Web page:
The Case For VDI In The BYOD Era Virtual desktop infrastructure is becoming more attractive in the enterprise as BYOD becomes a way of life and new flash arrays boost VDI performance.
The idea of PCs was intensely beguiling when it first appeared. It meant there was a way around long development cycles and rigid IT organisations. It also saved a lot of money.
Thirty years later, this value proposition is getting a lot of scrutiny, and the PC in the enterprise is under intense pressure. The tethered desktop PC has seen pressure from more mobile alternatives for years now, but the general love affair with tablets and phones has caused the desktop/laptop industry to peak and go into steep decline.
There are a couple of alternatives available to an IT department in this mobile era. For some years, enterprises have been locking up laptops so that IT has complete control of configurations and keeps stored images on the network. While aimed at being data-safe, this approach creates restrictions that generate employee resentment and are counter-productive.
The other alternative, virtual desktop infrastructure (VDI) and Desktop-as-a-Service, embrace BYOD and move the desktop onto a shared server. There are quite a few notable players in the market, as the chart shows. Consider that a typical client has less than 1% utilization of its resources, since work is generally very episodic. With current technology, 64 or more virtual desktops can reside on one server.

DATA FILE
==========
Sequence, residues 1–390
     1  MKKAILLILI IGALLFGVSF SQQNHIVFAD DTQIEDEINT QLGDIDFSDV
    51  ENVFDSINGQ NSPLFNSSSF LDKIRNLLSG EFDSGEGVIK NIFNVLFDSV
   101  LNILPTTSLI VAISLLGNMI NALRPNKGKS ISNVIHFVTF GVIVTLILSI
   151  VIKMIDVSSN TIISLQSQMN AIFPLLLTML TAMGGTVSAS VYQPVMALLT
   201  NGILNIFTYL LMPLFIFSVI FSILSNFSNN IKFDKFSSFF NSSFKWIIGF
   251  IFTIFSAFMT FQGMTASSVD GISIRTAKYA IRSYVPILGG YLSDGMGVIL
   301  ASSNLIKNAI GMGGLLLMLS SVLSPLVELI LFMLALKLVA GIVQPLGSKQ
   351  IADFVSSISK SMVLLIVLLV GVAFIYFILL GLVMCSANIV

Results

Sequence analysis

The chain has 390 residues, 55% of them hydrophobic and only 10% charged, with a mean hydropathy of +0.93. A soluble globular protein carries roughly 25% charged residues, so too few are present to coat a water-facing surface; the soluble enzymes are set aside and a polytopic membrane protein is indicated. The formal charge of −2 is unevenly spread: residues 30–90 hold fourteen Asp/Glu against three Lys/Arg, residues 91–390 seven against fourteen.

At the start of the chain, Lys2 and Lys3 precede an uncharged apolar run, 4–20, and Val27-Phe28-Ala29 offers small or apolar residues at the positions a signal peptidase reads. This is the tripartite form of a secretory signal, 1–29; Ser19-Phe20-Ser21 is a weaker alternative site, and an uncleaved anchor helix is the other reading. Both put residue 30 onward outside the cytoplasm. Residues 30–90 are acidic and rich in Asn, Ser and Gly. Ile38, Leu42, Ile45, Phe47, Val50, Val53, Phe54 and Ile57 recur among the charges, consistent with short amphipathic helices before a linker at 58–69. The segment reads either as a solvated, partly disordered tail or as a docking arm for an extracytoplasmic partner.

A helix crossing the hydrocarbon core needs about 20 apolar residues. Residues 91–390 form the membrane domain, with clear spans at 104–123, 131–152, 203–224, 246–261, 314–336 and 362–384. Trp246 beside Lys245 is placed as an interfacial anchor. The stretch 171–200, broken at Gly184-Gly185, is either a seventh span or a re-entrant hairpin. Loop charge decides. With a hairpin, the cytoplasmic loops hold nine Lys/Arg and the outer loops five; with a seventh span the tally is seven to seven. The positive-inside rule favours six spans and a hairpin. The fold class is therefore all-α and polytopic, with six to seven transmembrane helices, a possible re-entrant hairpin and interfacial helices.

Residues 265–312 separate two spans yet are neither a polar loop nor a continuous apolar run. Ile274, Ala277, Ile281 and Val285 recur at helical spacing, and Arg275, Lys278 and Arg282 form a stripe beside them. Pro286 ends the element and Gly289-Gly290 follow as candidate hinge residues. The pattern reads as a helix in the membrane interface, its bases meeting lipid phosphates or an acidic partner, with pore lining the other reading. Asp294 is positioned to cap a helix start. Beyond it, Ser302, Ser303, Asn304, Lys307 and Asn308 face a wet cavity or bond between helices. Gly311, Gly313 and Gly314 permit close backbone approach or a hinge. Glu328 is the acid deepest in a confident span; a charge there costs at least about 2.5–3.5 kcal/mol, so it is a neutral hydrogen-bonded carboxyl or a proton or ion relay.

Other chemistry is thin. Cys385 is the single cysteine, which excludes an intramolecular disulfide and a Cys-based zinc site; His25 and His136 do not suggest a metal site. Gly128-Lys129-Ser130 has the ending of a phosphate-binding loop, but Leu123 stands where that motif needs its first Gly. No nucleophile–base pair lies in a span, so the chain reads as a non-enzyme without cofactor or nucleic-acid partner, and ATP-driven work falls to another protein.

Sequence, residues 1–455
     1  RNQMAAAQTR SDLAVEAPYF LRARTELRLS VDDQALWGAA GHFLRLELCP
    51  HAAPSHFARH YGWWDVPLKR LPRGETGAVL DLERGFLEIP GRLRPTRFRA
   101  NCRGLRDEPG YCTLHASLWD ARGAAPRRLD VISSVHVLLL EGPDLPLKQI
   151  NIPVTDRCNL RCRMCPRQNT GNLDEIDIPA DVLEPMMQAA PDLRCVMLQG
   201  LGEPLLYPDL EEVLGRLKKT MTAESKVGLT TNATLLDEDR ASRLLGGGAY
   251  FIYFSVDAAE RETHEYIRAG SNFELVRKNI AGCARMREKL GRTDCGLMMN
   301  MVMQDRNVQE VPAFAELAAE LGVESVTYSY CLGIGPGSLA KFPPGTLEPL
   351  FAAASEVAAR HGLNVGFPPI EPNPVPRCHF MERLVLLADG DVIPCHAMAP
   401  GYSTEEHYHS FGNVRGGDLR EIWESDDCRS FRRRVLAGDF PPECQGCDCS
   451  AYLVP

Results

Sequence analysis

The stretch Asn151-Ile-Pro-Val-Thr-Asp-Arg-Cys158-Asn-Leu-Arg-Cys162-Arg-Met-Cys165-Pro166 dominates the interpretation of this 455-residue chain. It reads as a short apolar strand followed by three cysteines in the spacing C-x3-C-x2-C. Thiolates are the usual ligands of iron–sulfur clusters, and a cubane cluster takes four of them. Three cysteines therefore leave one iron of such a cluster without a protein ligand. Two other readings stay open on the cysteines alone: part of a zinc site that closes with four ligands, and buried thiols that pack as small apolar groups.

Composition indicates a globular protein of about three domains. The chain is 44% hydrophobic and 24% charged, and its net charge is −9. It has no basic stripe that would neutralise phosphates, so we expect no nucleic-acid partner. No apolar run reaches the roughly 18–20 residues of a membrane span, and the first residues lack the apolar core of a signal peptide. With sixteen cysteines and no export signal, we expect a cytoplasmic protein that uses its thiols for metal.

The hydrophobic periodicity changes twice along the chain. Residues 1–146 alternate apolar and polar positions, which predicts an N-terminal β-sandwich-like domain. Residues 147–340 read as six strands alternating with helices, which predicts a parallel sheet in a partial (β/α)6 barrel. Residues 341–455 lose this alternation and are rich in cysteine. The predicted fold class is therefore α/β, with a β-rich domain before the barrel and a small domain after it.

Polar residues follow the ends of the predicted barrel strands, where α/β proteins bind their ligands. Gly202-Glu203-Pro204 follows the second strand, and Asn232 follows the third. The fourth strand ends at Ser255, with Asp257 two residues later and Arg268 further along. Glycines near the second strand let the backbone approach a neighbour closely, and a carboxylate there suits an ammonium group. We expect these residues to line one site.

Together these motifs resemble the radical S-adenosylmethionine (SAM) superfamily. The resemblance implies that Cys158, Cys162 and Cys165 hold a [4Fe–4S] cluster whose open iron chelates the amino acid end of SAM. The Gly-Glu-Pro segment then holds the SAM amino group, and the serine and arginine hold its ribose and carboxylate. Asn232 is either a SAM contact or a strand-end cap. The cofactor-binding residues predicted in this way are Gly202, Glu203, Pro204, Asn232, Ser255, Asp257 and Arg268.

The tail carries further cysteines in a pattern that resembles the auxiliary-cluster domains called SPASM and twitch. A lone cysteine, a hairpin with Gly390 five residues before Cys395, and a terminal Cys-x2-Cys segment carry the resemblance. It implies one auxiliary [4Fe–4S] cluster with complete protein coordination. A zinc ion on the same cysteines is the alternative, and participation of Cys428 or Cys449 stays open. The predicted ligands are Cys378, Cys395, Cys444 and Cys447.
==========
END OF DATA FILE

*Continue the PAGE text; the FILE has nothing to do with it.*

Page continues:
Applications such as document creation and editing now are done on the server, and the output is sent to a browser or app on the mobile device, making it possible to work on a phone or tablet relatively seamlessly. Nothing is permanently stored on the client, making for a very secure working environment.
The client data images are kept on network storage, allowing them to be loaded on demand. This also means that recovery after a failure can be quick, performed simply by restarting on the next available server. The overall result of having virtualized stateless servers is a smaller, more efficient server farm.
Greatly increased the I/O performance of networked storage. Building on this, flash accelerator cards with cloning and deduplication software boosted things even further. The result is that VDI is becoming an accepted alternative to the desktop PC.
In the last year, all-flash arrays have moved performance even further along. With millions of IOPS, these devices can easily keep up with large arrays of virtual desktops. Networks with 10G Ethernet and even 40G Ethernet connections are common now in these configurations.
With BYOD a given as a trend, clear solutions for the technology issues and cost-effectiveness, the migration to VDI will continue at a good pace. This will tip the PC market into a steeper decline, but the benefits of a desktop that can be on your phone, tablet or TV are clear. This is the trend of the future, and not just for the enterprise. SMBs will follow the same path.